A reader writes:

Romney was probably the beneficiary of a profit-sharing type retirement plan, which are often set up in small companies in which a large portion of the employees are well compensated.  The total contributions limits in this type of plan are fairly generous, close to $50,000 per year in a combination of tax-deferred and non-tax-deferred contributions (see here). If those contributions were in the form of stock, they could have appreciated rapidly. For example, 20 years of contributions at $50K per year would add up to $1 million, and if that was in the form of stock that appreciated by a factor of 20, it would now be worth $20 million. While that money was originally in a profit-sharing retirement account, Romney could have rolled it over into an individual IRA when he left the company.  That could well explain his very large IRA balance.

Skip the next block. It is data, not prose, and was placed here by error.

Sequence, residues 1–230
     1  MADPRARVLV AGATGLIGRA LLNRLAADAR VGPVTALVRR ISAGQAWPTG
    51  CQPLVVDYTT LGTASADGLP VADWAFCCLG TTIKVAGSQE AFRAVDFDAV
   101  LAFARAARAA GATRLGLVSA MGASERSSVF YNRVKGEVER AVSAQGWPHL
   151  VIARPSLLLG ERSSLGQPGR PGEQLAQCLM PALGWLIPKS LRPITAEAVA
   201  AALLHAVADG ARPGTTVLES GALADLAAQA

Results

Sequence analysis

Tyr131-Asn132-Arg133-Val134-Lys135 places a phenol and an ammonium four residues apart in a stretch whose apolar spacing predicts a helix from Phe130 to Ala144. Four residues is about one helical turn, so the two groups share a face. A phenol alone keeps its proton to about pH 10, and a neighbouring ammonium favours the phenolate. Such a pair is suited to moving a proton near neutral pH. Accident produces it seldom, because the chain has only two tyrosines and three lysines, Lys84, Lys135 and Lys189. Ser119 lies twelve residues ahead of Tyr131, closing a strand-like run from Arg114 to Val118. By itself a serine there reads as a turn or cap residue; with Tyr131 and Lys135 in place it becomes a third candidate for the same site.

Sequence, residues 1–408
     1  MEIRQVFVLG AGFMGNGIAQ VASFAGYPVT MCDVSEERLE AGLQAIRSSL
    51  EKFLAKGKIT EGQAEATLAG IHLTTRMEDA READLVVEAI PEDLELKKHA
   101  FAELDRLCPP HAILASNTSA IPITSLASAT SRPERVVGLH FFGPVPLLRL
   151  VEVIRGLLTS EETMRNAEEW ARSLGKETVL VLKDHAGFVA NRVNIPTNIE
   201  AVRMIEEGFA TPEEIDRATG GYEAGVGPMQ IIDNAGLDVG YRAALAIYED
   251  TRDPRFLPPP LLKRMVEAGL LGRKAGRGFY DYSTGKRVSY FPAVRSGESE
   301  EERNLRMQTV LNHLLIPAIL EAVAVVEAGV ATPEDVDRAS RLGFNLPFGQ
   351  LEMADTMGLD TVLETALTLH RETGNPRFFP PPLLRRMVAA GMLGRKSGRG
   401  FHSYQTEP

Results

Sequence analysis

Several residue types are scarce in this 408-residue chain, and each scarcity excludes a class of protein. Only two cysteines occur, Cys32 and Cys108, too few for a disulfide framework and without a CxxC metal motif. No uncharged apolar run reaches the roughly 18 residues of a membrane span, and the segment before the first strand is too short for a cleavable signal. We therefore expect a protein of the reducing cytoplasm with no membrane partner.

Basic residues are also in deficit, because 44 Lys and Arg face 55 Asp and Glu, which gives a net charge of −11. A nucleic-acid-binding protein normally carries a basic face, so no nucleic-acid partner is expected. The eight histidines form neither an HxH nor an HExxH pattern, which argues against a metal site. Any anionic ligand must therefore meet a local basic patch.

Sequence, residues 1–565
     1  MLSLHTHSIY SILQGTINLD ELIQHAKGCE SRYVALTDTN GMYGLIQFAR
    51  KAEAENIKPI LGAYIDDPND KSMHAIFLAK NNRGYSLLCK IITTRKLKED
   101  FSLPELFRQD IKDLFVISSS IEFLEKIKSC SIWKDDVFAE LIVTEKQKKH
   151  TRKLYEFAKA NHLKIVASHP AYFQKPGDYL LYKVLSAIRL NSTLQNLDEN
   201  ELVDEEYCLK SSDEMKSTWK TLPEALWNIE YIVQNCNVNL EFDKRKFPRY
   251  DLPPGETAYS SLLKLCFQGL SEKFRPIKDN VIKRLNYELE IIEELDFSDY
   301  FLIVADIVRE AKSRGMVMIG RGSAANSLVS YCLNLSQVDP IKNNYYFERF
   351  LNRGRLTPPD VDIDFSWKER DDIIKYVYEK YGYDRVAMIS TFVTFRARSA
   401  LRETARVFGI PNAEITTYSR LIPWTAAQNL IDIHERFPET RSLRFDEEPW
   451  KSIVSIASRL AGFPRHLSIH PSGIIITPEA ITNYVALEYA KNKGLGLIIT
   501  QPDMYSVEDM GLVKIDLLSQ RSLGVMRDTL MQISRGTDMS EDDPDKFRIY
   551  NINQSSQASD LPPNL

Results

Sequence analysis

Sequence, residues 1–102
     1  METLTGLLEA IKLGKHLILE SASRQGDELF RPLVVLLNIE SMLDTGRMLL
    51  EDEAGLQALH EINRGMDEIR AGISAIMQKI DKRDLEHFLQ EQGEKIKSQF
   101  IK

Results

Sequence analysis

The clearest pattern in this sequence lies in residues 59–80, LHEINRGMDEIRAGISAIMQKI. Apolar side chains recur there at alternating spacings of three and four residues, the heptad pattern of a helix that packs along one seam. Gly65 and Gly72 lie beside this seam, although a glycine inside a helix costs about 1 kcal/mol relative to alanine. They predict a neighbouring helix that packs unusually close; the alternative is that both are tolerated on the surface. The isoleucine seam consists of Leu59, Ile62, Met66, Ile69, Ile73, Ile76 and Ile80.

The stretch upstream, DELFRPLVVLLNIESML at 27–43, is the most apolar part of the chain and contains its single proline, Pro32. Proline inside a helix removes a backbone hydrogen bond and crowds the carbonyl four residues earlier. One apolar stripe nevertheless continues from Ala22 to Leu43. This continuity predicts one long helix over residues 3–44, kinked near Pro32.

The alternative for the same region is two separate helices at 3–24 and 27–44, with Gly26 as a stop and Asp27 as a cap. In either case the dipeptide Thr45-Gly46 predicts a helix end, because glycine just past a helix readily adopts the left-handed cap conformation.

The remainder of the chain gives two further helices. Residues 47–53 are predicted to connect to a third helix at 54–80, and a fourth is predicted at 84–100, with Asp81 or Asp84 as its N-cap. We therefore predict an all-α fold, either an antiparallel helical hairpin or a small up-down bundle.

A "former private equity executive" writes:

As this WSJ article points out, public pension funds are major investors in private equity funds.  The article details how pension funds (which manage hundreds of billions of dollars) now allocate 11% of assets to PE as opposed to 3% a decade ago (when Romney left Bain).  These small allocations for the pensions still mean billions of dollars allocated to the PE managers.  What the article misses is that these pension funds were invariably the largest investors in PE funds in the 1980s and 1990s.  So it may well be that Bain Capital’s business was built on the backs of public pension funds.

So when Obama/Warren point that no business is built without some government assistance (roads, Internet, etc.), there’s a gotcha out there when Romney/Sununu talk about the American style of business building.  Page 83 of this pdf of the Massachusetts Pension Reserves Investment Trust Fund 2009 Annual Report lists several dozen PE firms that manage the pension’s money, including Bain.  These kinds of pension fund – private equity relationships go back many years.